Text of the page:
Cannabis-Related Hospitalizations Following Legalization in Canada

PainRelief.com Interview with:
Daniel Myran, MD, MPH, CCFP, FRCPC
Canada Research Chair, Social Accountability, University of Ottawa
Investigator, Bruyère Research Institute 
Assistant Professor, Department of Family Medicine
Lecturer, School of Epidemiology and Public Health
Adjunct Scientist, ICES
University of Ottawa

PainRelief.com: What is the background for this study?

Response: Canada legalized recreational, or non-medical, cannabis in October 2018. Legalization in Canada took a phased approach initially, only the sale of flower-based cannabis products and oils was permitted and there were very few legal cannabis stores and legal sales. Starting in early 2020, Canada allowed the sale of expanded products (e.g. cannabis edibles, vape pens, concentrates), and the number of retail stores began expanding. In this study, we took advantage of this evolution of the legal cannabis market to understand how different phases of legalization were associated with hospitalizations due to cannabis.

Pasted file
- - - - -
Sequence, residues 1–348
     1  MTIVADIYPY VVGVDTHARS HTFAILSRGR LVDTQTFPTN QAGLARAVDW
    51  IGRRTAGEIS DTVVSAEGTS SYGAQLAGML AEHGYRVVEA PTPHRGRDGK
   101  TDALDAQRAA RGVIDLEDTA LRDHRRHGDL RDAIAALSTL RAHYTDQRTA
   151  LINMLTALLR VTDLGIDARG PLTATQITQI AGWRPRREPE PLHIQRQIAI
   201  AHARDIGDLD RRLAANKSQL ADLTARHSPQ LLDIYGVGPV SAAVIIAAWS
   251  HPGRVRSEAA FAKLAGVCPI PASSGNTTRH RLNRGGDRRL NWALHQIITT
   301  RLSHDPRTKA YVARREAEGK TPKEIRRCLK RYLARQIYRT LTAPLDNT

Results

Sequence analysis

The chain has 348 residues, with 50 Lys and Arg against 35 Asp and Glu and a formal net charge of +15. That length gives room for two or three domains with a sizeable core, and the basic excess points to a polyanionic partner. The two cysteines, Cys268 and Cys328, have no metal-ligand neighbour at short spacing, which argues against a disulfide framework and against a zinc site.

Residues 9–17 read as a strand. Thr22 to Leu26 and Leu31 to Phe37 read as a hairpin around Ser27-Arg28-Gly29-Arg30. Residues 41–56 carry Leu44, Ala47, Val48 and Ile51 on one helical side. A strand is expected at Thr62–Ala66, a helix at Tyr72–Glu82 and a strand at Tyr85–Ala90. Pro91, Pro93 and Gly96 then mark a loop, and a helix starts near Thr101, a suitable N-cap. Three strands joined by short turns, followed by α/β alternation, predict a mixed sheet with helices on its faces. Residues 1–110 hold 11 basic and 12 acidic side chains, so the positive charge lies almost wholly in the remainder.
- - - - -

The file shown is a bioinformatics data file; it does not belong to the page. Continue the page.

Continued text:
Canadian Study Finds Cannabis Use Disorder Associated with Higher Risk of Heart Disease

PainRelief.com Interview with:
Anees Bahji, BSc(H), MD, CISAM, CCSAM, DABPN, FRCPC (pronouns: he/him/his)
Clinical Assistant Professor, Department of Psychiatry, University of Calgary
Ph.D. Student, Department of Community Health Sciences, University of Calgary
Addiction, Concurrent Disorder, and General Psychiatry
Opioid Dependency Program, Sheldon M. Chumir Centre
Rapid Access to Addiction Medicine Service, Calgary
Adult Addiction Centre, 6th Floor, Foothills Medical Centre

PainRelief.com: What is the background for this study?

Response: The background for this study is rooted in the need to understand the potential health implications of cannabis use disorder (CUD), especially in relation to cardiovascular health.

Cannabis has become increasingly popular for both recreational and medicinal purposes, and it is essential to assess its impact on various health outcomes.

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Study Assesses Quality of Life After Cannabis Prescribed for Chronic Pain and Other Health Symptoms

PainRelief.com Interview with:
Margaret-Ann Tait | PhD candidate
Project Manager, The QUEST Initiative
Research Manager, Faculty of Medicine and Health